Economics unit 1 definitions

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  • Created by: awi koba
  • Created on: 06-02-14 16:41
allocative efficency
occurs when resources cannot be reallocated to produce a different combination of goods that will increase economic welfare; ie economic welfare is maximised and the sum of consumer and producer surplus is maximised
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asymmetric information
where one party in an economic relationship has more informantion than another
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buffer stock scheme
a scheme that buys surplus produce in periods of abundance and sells stock in periods of shortage, in order to stabilse market price
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ceteirs paribus
an assumption that all other factors are held constant
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command economy
an economy which allocates its resources predominantly through the direction of a central planning authority
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competition policy
governemnt policy directed at encouraging competition in the private sector. e.g. investigation of takeovers or restrictive practices
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complements
a pair of goods that are consumed together i.e a negative cross-price elasticity of demand
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consumer surplus
the differnece between the total value consumers place on the unit consumed of a good or service and the payment required to purchase that quantity consumed
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cost benefit analysis
an investment appraisal tool used to weigh up the social benefits of a project against the social cost
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cross-price elasticity of demand
measures the responsiveness of demand to a change in the price of a related good or service
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derived demand
the demand for a factor of production that results from the demand for the product that it is used to make
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division of labour
the breaking of production process into separate sequential tasks
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external benefits
the difference between social and private benefits
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external costs
the difference between social and private costs
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externalities
the cost or benefit of transaction that are not incurred or received by producers or consumers but instead by third parties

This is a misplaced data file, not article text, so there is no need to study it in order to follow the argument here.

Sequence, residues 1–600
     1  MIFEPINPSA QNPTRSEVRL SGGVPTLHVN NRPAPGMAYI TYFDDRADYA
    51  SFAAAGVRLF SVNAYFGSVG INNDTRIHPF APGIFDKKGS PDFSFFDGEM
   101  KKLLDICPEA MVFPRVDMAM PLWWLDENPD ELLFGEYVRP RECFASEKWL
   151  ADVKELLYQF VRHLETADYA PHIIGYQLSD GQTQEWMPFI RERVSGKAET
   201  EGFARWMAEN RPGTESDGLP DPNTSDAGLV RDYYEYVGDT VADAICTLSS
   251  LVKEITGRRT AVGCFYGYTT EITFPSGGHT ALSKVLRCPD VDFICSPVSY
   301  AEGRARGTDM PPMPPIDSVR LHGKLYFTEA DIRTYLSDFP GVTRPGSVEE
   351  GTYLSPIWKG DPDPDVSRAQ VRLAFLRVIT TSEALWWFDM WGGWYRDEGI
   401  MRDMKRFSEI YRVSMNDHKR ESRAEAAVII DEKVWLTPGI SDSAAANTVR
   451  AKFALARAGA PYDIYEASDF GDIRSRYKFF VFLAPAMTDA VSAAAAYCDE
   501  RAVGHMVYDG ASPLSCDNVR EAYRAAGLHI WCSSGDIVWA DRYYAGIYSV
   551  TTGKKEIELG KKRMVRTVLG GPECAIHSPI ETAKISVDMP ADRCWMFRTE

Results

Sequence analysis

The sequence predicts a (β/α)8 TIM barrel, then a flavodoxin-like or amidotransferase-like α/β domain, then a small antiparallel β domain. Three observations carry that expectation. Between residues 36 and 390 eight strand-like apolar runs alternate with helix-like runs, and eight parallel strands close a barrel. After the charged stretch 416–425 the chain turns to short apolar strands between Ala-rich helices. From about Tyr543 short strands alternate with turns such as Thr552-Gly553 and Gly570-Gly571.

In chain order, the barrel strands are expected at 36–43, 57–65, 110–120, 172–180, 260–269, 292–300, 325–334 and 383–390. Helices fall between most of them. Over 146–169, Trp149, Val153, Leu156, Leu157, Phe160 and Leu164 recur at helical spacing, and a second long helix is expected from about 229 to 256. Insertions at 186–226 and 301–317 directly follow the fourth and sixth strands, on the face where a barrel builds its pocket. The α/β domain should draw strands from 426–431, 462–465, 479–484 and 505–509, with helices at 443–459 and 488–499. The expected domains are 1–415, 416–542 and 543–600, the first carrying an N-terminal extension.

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free riders
people who use public goods but don't pay for them
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free market economy
an economy which tackles the basic economic problem, the co-existence of infinite wants and infinite resources predominantly through the price mechanism
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geographical immobility
the inability of workers to move location to attain work due to the cost of commuting or relocating and non-pecuniary factors
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government failure
occurs when the government intervention leads to a worse misallocation of resources than if there was no intervention
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incentive function of price mechanism
prices act as an incentive to both buyers and sellers. e.g. a rise in price may encourage sellers to supply more of the product and buyers to purchase less
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incidence of tax
the distribution of the burden of an indirect tax between buyers and sellers
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income elasticity of demand (YED)
measures the responsiveness of demand to change in income
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indirect tax
a tax on expenditure paid by the supplier not the consumer
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inferior good
a good whose demand falls when income increases i.e. negative income elasticity of demand
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market equilibrium
a position where the market price has no tendency to change, assuming ceteris paribus because demand equals supply
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market failure
occurs when a market produces a misallocation of resources